Three dead as wild weather lashes NSW

The China Post - - GUIDE POST - BY MARTIN PARRY

Three peo­ple died as the Aus­tralian state of New South Wales was lashed by a “oncein-a-decade” storm Tues­day with homes washed away, thou­sands hit by power cuts and sand drifts sweep­ing in­land off Syd­ney’s iconic Bondi beach.

Sea swells also ham­pered ship­ping as the re­gion around Australia’s big­gest city suf­fered its sec­ond day of gale-force winds of up to 135 kilo­me­ters per hour (83 miles per hour) and tor­ren­tial rain.

The Bureau of Me­te­o­rol­ogy said 119 mil­lime­ters (five inches) of rain had fallen in Syd­ney in 24 hours — the city’s wettest pe­riod since 2002.

The de­struc­tive winds blan­keted parks, pave­ments and roads with sand from beaches in­clud­ing Bondi, while trees were up­rooted, crash­ing onto cars, and power lines blown down.

Dozens of flights were de­layed and at least one cruise ship found it­self stuck at sea out­side Syd­ney Har­bour.

New South Wales state Pre­mier Mike Baird said 4,500 calls had been made to emer­gency ser­vices.

“There is no doubt this is a very se­vere storm event, in­deed it is a once in 10-year event,” he said.

“We have lost some homes. There is a num­ber of roofs taken off. We have also lost life. It is a huge storm event that is wreak­ing havoc across NSW at the mo­ment.”

New South Wales po­lice said three peo­ple died in the coun­try town of Dun­gog, 215 kilo­me­ters (133 miles) north of Syd­ney, which was soaked by 300 mil­lime­ters (12 inches) of rain in 24 hours.

“Dur­ing the morn­ing a woman and two men were lo­cated de­ceased within the Dun­gog town­ship. The cir­cum­stances sur­round­ing their deaths are still to be determined,” they said in a state­ment.

Video footage posted on­line showed a wooden house be­ing swept away by flash floods, although it was not clear if this was linked to the deaths.

The Dun­gog Chron­i­cle said four houses had been washed away and that the two men and one woman who died, all el­derly, were trapped in their homes as flood­wa­ter surged through the town.

“The wa­ter came out of nowhere, it just rose that quick,” Dun­gog res­i­dent Jarod Rits, 18, told the news­pa­per. “The wa­ter was just a roar, re­ally, just rush­ing through the streets.”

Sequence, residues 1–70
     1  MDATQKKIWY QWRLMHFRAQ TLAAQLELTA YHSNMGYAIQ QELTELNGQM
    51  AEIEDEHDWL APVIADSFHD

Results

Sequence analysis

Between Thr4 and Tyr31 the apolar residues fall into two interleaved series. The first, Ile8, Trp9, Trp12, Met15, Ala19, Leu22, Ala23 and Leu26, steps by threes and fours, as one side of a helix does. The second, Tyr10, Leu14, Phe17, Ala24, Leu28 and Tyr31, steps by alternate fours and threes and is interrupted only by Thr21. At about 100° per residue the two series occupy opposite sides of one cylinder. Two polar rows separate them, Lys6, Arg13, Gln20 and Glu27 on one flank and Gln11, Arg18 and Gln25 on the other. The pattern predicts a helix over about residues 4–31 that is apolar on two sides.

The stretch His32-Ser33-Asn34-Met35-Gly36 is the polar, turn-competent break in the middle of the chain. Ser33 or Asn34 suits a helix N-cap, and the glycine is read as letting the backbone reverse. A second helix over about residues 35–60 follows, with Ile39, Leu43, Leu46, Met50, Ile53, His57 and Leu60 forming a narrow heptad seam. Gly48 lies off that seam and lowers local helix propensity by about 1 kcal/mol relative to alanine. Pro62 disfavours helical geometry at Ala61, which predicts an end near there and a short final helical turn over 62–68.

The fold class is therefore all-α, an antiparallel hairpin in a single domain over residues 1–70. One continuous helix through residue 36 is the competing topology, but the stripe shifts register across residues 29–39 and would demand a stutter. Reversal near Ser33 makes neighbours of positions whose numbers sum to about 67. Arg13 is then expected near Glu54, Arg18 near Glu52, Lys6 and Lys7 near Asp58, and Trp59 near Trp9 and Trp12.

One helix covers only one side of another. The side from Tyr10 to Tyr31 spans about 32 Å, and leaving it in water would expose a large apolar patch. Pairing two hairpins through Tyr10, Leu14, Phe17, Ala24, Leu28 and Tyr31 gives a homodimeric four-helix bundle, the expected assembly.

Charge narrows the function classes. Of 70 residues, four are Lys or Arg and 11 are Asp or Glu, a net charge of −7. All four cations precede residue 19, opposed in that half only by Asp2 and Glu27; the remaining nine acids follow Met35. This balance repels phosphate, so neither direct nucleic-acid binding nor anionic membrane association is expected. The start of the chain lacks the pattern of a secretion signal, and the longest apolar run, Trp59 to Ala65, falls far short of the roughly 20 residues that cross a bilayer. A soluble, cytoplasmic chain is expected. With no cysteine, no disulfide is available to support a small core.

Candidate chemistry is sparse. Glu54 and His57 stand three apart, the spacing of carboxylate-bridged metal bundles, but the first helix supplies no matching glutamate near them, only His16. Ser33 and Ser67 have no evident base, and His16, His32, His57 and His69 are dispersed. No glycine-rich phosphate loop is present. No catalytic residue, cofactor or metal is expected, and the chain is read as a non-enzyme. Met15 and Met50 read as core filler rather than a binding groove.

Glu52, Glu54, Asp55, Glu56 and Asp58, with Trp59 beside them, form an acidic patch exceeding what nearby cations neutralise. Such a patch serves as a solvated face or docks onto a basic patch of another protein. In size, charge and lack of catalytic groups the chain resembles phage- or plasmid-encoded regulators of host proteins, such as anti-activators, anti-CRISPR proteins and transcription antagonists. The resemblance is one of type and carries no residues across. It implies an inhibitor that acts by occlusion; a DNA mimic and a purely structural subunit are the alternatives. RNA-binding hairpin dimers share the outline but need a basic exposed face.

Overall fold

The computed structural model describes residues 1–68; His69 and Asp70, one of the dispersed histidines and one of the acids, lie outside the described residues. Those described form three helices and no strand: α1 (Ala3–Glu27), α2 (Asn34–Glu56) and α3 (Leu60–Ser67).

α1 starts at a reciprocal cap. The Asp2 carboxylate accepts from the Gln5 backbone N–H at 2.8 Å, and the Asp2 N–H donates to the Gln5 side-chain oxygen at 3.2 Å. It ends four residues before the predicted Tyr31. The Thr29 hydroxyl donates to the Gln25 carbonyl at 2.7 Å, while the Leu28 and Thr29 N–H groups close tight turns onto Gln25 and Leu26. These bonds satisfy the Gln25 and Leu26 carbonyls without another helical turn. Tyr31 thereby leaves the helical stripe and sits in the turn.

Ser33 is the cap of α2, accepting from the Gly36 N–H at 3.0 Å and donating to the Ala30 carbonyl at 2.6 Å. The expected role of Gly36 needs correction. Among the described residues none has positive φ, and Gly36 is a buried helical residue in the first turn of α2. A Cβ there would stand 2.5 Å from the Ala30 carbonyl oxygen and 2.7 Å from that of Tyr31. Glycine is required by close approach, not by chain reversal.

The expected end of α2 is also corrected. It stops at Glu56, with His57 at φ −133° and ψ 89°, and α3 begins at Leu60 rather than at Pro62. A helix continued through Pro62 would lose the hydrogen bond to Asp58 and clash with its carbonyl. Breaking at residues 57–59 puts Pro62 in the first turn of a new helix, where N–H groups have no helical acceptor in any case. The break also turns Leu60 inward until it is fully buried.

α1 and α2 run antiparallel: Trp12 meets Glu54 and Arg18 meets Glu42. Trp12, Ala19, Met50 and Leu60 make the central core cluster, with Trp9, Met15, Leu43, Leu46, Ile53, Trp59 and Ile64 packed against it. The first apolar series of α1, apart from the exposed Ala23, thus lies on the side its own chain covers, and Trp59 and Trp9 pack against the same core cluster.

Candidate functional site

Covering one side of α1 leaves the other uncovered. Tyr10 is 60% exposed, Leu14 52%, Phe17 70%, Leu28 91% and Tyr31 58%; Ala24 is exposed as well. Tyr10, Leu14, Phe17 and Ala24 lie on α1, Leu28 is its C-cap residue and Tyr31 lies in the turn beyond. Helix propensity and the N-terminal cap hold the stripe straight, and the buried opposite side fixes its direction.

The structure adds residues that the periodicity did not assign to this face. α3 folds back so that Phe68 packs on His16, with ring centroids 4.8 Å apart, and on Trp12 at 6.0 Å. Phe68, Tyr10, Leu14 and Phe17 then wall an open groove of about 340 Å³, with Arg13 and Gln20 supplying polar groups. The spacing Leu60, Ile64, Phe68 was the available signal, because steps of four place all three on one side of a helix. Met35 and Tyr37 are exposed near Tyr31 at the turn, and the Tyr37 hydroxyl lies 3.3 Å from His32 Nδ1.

Po­lice ad­vised Dun­gog res­i­dents and oth­ers in sur­round­ing ar­eas to leave their homes and move to an evac­u­a­tion cen­ter at a lo­cal high school, or to stay with fam­ily and friends.

Baird said the State Emer­gency Ser­vices (SES) had car­ried out 47 flood res­cues.

“There have been mul­ti­ple per­sons trapped in ve­hi­cles, be­ing trapped in build­ings and be­ing trapped on top of build­ings while try­ing to take refuge from flood­wa­ters,” SES deputy chief Steven Pearce told re­porters.

Speak­ing ear­lier to the Aus­tralian Broad­cast­ing Cor­po­ra­tion, he said: “We’ve haven’t seen this sort of weather pat­tern, this east-coast low or one as se­vere as this, in years.”

In Syd­ney, the har­bor pi­lot could not board the gi­ant Car­ni­val Spirit cruise ship due to mas­sive swells. The ves­sel lan­guished in the open ocean with hun­dreds of pas­sen­gers on board.

The Port Author­ity of New South Wales said the har­bor had been closed for com­mer­cial ship­ping, pos­si­bly for 48 hours. Fer­ries across Syd­ney were can­celed or had limited ser­vices.

ABC re­ported that one per­son was also miss­ing near New­cas­tle, 150 kilo­me­ters north of Syd­ney, af­ter flood­wa­ters rushed through a camp­ground and washed away camper­vans and car­a­vans.

Dozens of schools were closed, while the elec­tric­ity util­ity Aus­grid said around 200,000 homes and busi­nesses were with­out power across Syd­ney and the Cen­tral Coast and Hunter Val­ley ar­eas to the north.

Nu­mer­ous roads were also closed due to flood­ing, fallen trees and downed power lines.

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